Container resource consumption—too important to ignoreby@mhausenblas
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5,662 reads

Container resource consumption—too important to ignore

by Michael HausenblasJuly 30th, 2017
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<strong>TL;DR: in Kubernetes it’s important that you set the CPU and memory resource requirements of your containers and we’re now about to automate this process.</strong>

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Quick question: do you know how much memory your app consumes? How about CPU time? What about spikes in the traffic? How do you deal with that in the context of the resource consumption?

Are you managing the memory and CPU constraints per container manually? Or, maybe you’re not there, yet. Maybe this whole resource consumption and constraints thing is totally new to you. Read on.

TL;DR: in Kubernetes it’s important that you set the CPU and memory resource requirements of your containers and we’re now about to automate this process.

Why bother?

Why indeed should you bother how much memory and CPU the containers in your Kubernetes cluster consume? Let’s see what practitioners have to say on this topic:

Unfortunately, Kubernetes has not yet implemented dynamic resource management, which is why we have to set resource limits for our containers.I imagine that at some point Kubernetes will start implementing a less manual way to manage resources, but this is all we have for now.

Ben Visser, 12/2016 in: Kubernetes — Understanding Resources

Kubernetes doesn’t have dynamic resource allocation, which means that requests and limits have to be determined and set by the user. When these numbers are not known precisely for a service, a good approach is to start it with overestimated resources requests and no limit, then let it run under normal production load for a certain time: hours, days, weeks according to the nature of the service.

Antoine Cotten, 05/2016 in: 1 year, lessons learned from a 0 to Kubernetes transition

Now, it turns out that Google—in the context of Borg—has such a resource consumption predictor/adjuster called autopilot, which does in fact offer an automatic resource consumption management.

Enter the person who brought this topic up at KubeCon 2016: Tim Hockin, one of the early Kubernetes committers when it was still a Google-internal project:

As the wise Tim stated in his talk Everything You Ever Wanted To Know About Resource Scheduling (also, check out the slide deck and the video):

Some 2/3 of the Borg users use autopilot.

This sounds quite convincing; way more than half of the Borg users seem to be happy to not only have the resource consumption set explicitly but also to delegate this job to autopilot.

Back to Kubernetes.

Already in mid-2015 we find that the Kubernetes community — informed by Google’s autopilot experience—raised an issue to capture the need for an automated resource consumption management. In early 2017 the according design proposal was completed and now the initial work on the resulting Vertical Pod Autoscaler (VPA) is on its way.

A demonstrator: resorcerer

To gather experience on the problem domain—assessing container resource consumption and adjusting the containers accordingly—we put together a POC, a demonstrator called resorcerer.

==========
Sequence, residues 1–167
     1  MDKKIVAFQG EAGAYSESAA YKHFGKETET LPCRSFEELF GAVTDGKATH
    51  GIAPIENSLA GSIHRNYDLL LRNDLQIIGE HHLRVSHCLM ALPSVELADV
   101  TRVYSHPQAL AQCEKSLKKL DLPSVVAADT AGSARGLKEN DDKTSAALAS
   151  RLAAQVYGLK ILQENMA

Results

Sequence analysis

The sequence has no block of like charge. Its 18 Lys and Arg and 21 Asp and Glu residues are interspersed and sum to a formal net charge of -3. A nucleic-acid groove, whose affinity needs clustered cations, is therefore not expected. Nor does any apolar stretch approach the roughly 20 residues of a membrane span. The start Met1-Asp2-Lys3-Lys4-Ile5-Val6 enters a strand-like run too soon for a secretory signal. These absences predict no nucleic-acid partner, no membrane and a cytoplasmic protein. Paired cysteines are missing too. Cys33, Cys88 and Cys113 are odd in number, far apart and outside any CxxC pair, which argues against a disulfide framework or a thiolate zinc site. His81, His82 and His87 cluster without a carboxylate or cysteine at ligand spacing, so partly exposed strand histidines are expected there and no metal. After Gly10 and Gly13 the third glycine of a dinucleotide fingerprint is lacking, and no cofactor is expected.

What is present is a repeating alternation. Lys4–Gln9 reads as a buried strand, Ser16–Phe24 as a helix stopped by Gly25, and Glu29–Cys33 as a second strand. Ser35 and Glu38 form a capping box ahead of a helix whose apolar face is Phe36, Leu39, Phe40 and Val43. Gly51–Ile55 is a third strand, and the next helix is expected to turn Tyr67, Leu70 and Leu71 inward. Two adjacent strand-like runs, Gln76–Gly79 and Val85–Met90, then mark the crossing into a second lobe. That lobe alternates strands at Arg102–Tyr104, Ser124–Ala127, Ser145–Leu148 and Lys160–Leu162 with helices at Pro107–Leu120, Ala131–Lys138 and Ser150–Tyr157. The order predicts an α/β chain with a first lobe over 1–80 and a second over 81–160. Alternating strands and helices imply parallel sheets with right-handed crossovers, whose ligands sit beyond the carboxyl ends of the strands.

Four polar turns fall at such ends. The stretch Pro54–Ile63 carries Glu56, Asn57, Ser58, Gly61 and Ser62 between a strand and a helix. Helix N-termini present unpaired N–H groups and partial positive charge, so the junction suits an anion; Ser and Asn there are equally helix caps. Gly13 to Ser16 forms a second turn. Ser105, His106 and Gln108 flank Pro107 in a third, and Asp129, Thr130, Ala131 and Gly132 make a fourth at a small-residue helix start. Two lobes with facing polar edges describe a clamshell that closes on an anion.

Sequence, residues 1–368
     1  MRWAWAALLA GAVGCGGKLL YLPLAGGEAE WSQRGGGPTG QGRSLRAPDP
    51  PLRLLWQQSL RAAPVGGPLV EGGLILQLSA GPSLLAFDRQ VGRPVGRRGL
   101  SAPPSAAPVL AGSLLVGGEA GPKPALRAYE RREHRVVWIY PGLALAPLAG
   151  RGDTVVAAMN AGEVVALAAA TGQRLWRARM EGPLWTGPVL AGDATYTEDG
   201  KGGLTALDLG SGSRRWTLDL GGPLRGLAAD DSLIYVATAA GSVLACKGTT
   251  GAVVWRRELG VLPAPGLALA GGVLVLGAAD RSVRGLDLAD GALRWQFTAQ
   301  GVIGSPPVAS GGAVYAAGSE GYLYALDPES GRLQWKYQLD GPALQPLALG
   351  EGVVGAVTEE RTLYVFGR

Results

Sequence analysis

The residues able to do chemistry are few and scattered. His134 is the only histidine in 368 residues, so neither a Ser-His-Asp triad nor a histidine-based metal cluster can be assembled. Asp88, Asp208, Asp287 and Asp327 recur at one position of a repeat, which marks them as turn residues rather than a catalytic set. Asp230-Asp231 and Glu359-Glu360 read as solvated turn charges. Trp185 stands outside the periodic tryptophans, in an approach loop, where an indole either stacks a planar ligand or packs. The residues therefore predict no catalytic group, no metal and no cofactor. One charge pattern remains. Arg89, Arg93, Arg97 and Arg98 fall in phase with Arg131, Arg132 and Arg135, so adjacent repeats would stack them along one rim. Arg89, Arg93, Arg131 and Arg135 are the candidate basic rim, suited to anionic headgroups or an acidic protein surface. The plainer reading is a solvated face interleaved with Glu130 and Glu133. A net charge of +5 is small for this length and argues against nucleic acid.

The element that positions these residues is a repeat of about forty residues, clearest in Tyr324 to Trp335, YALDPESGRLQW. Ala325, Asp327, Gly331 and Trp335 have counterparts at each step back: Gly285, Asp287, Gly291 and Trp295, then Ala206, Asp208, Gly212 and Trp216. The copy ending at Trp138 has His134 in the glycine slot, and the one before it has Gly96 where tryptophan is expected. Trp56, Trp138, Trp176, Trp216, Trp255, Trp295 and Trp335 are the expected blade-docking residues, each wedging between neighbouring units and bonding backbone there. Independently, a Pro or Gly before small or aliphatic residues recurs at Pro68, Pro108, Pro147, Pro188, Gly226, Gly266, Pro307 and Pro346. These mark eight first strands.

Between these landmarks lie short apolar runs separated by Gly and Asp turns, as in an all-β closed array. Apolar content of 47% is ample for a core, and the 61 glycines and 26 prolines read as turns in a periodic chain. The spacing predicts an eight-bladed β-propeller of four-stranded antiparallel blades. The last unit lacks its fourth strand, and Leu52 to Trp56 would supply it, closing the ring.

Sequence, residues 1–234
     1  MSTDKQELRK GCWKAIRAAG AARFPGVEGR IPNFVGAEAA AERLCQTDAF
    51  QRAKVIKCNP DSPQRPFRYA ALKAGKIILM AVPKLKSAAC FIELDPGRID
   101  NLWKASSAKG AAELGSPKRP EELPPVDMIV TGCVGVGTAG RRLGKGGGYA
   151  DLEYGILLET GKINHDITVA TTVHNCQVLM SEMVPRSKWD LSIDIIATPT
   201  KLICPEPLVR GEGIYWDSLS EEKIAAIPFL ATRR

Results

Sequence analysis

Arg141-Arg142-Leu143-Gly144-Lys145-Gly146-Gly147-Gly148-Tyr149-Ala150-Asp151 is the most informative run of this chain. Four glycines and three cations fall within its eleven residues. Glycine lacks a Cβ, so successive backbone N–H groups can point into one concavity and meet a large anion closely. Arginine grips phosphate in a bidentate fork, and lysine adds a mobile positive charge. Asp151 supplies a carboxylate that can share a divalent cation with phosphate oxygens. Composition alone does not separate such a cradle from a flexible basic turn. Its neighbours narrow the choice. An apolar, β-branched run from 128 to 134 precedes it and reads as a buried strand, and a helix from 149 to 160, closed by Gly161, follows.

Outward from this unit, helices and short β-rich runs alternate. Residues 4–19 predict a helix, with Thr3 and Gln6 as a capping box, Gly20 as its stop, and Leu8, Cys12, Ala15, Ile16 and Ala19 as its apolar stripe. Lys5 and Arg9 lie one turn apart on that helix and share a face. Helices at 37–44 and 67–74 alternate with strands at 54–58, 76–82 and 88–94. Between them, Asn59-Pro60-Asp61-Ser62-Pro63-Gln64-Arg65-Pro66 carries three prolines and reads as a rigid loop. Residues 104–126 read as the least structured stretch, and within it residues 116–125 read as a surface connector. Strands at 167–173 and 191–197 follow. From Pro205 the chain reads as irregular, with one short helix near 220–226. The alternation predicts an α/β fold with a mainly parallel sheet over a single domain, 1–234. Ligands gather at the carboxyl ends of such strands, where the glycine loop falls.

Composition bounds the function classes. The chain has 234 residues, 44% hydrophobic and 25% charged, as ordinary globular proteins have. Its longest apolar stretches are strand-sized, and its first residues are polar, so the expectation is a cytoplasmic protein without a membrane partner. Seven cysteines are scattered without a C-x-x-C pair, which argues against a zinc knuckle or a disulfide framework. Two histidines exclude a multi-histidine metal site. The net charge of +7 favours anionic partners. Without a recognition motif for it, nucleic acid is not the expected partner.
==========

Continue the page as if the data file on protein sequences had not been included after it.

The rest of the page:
Check out the video walkthrough for resorcerer where I show you how you can use it in a Kubernetes cluster (in a namespace, really), how it works and what the limitations are:

A video walkthrough of resorcerer, its features and inner workings (~27min).

Under the hood: heavy lifting is done by Prometheus

To come up with recommendations for resource consumption limits, the resorcerer demonstrator leverages Prometheus. For example, to determine the CPU usage of a certain container for the past 30 min, we can use the following PromQL query:

sum(rate(container_cpu_usage_seconds_total{pod_name=~"nginx.+", container_name="nginx"}[30m]))

This will result in something like the following:

Screen shot of Prometheus, showing container CPU usage over time.

The tricky part here is to pick meaningful PromQL queries as well as the right parameter for the observation time period. For starters, think of three cases:

  • idle—no load on the container, this is the minimum amount of CPU/memory resources required.
  • normal—observing the container for a longer period of time (days or weeks) and figuring out the baseline; this is the typical case of resources required to operate.
  • spike—think of an external event, for example a half-prize sales event or a mention in a popular news outlet, driving tons of traffic to your app; this is an exceptional case of resource consumption which you still want to be able to accommodate.

In above case distinction we conveniently only considered the simple case of a stateless application such as an app server or Web server. Things do get considerably more complicated for stateful services, involving databases, for example.

In the context of resorcerer, we’d like to thank Julius Volz for his support around Prometheus scraping and PromQL as well as Stefan Schimanski, who helped navigating the tricky parts of the Kubernetes client-go library.

The road ahead

The topic of container resource consumption is an important one and I hope with above I made a point that you should pay attention to it. In Kubernetes we’re at time of writing at the start of the journey and we need to gather more experience concerning automation of resource consumption management.

The official work on the Kubernetes Vertical Pod Autoscalers (VPA) is ramping up now in the SIG Autoscaling, so now is a good point in time to start contributing with use cases and/or sharing your requirements as well as experiences. You can join us on the Kubernetes Slack community, #sig-autoscaling channel as well as participate via the mailing list or chime in on one of the Thursday online meetings taking place roughly every two weeks.